On the evening of 10 November 1919, the council chamber in Poplar Town Hall, east London, was packed. Labour activists and supporters had come to see the installation of Poplar’s first Labour mayor, and witness the Labour group assert its control over the council’s various committees.
Labour had just won a landslide victory in the local elections, clinching 39 of the 42 seats on the council.
Similar scenes were being repeated across the country. But the results were particularly good in London, where Labour had taken control of 12 out of the 28 councils.
In Poplar’s neighbouring borough, Stepney, 40 out of the 60 Labour candidates were victorious. In Bethnal Green it was 24 out of 28.
In Poplar, George Lansbury became the borough’s first Labour mayor – and broke with tradition by refusing to wear the robes of office, carry the ceremonial mace or wear the mayor’s cocked hat!
Lansbury had been active in left wing politics in the East End since the mid-1880s.
From the early 1890s onwards, he stood in elections for local councils, school boards, and the board of guardians – whose job was to administer “poor relief” to the borough’s poor and unemployed.
In 1910, he was elected to parliament – though he resigned his seat in 1912 to force a by-election over the question of women’s suffrage (he lost to the Tories).
Lansbury was well known as an advocate for the poor and the unemployed and a supporter of “direct action”, strikes, women’s suffrage, and Egyptian, Irish and Indian independence.
He was also a pacifist and a passionate supporter of the early gains of the Russian Revolution. He was a respected local politician and the recognised leader in the council.
The new councillors were men and women whose backgrounds were significantly different to those who had traditionally represented the area.
Poplar, one of the poorest boroughs in London, was an overwhelmingly working class part of the city, dominated by the docks and the railways.
Yet historically the council had been run by the Municipal Alliance – a mix of “independent”, Liberal and Tory lawyers, businessmen and clergy.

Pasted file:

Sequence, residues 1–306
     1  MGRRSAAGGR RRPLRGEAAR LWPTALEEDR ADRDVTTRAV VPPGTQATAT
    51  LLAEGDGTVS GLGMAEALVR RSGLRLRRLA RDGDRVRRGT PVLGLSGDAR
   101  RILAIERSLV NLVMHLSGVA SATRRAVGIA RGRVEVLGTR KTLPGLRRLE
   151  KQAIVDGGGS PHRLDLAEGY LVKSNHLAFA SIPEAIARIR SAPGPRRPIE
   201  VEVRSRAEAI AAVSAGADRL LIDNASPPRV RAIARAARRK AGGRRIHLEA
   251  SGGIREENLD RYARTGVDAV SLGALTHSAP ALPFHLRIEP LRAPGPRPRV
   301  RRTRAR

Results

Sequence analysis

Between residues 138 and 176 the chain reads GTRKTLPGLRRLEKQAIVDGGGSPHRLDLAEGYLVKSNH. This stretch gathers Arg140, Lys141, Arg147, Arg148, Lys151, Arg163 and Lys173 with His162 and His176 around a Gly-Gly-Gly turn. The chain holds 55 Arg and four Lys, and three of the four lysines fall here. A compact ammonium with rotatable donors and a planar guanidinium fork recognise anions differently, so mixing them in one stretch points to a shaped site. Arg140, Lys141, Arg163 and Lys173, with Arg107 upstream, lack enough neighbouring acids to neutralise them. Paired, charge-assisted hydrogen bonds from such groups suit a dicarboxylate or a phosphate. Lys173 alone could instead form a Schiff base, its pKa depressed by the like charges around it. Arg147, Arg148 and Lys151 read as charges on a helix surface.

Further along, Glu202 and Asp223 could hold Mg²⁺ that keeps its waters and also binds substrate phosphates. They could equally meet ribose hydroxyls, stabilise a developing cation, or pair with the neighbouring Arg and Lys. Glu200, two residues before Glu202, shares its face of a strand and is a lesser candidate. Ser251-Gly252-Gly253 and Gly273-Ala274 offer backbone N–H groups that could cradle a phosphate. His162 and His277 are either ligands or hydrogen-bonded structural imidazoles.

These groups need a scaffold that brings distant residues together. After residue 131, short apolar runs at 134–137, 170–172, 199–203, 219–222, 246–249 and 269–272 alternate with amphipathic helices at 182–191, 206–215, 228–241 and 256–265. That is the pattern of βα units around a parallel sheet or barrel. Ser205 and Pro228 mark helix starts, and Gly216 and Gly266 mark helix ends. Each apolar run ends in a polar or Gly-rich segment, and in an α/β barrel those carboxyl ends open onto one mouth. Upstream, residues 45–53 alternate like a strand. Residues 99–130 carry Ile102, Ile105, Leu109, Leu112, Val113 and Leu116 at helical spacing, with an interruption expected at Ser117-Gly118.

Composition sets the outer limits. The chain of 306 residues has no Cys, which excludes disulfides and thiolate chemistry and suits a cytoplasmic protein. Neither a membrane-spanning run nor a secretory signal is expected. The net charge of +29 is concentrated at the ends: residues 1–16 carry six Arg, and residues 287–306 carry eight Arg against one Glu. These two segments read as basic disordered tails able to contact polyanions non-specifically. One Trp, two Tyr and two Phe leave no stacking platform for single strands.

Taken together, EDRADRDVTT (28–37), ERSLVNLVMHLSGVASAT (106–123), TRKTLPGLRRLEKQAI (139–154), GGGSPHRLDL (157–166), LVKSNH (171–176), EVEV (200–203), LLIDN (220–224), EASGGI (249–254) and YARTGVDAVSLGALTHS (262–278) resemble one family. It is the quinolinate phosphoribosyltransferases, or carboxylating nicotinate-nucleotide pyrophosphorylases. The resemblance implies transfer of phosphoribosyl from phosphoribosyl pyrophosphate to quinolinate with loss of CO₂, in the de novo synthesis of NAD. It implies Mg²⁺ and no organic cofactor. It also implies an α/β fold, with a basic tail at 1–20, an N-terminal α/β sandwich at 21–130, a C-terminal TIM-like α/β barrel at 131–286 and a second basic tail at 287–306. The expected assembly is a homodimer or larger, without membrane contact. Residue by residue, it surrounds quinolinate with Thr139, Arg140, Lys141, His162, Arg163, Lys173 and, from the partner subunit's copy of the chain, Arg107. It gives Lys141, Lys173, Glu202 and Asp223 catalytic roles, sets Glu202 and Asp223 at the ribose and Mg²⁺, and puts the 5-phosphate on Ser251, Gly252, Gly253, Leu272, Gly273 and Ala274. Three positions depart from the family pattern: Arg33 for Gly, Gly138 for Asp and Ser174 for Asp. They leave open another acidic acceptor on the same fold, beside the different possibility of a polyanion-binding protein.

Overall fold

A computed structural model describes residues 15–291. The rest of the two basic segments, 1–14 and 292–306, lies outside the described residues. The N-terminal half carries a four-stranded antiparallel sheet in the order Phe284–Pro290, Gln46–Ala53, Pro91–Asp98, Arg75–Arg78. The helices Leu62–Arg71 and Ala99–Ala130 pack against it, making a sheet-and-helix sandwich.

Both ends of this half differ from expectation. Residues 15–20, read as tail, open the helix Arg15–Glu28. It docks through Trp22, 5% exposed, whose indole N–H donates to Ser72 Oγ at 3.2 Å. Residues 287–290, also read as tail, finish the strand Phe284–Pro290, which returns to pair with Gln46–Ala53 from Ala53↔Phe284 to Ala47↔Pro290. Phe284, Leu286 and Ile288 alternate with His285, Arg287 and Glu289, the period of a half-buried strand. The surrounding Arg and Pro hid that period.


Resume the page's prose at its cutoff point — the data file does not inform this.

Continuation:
The Labour group, by contrast, consisted of seven dock workers, seven railway workers, four labourers, two postal workers, a road engineer, a toolmaker, a boilermaker, a lead worker, a farrier, and four who were described as “housewives”.
The remaining Labour councillors had various white-collar jobs, including trade union officials.
The social composition of the new council group, therefore, was a much closer reflection of what Poplar looked like.
The contest for the council was the third election to have taken place in Poplar in 1919. In March, the borough’s four seats on the London County Council had been taken by Labour.
In April, Labour gained the majority on the Poplar board of guardians Together, these changes represented a huge breakthrough for the Labour Party in the East End. They were now the dominant political force in Poplar.
Labour had to show that it could make a difference to the lives of ordinary people in the area.
The councillors faced a series of practical questions. What do you do when you get a majority on local elected bodies?
How much room does the legal and administrative framework allow to bring about the changes you campaigned for, and for which you were elected?
What relationship should you have with the movement outside the council chamber?
These were questions raised in Labour councils across the country. The answers provided by the councillors in Poplar led to a militant, fighting campaign to defend the interests of those who had elected them.
Unfortunately, it did not set a precedent for how Labour councils should act while in office. Indeed, Poplar council’s stand was an aberration, though a magnificent one, in the history of Labour.
Almost 90 years after Labour councillors were asking these questions in the East End they are posed once again, but this time by the growth of Respect.
Poplar’s struggle offers a glimpse of what it is possible to achieve if organised radical councillors act according to principle, and prioritise the needs of working class and minority communities.
It’s an example that Respect councillors should draw on as we attempt to forge a radical electoral alternative to Labour.
It is now incumbent upon Respect to show that it can make a difference to people’s lives, that it will defend our communities in whatever way is both possible and necessary.
George Lansbury and the Rebel Councillors of Poplar (£2) by Respect councillor Michael Lavalette, with a foreword by George Galloway MP, is available from Bookmarks, the socialist bookshop. Phone 020 7637 1848 or go to www.bookmarks.uk.com